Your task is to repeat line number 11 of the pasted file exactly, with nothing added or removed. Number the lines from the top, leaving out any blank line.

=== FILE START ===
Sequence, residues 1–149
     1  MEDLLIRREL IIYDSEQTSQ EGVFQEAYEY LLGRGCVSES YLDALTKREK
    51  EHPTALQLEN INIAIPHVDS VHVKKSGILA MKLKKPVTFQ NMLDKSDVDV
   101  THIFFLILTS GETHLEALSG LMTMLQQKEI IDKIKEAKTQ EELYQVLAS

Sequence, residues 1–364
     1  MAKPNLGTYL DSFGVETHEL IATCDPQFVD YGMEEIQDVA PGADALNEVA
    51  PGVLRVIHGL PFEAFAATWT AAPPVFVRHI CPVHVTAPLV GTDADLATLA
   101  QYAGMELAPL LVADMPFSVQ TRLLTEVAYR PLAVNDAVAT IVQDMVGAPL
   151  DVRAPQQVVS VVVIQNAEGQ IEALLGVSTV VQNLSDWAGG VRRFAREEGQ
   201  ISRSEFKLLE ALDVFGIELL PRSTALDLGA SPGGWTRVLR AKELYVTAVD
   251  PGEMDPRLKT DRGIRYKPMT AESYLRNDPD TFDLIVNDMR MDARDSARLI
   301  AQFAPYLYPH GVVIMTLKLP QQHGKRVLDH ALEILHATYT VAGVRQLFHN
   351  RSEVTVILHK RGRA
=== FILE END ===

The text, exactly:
   251  PGEMDPRLKT DRGIRYKPMT AESYLRNDPD TFDLIVNDMR MDARDSARLI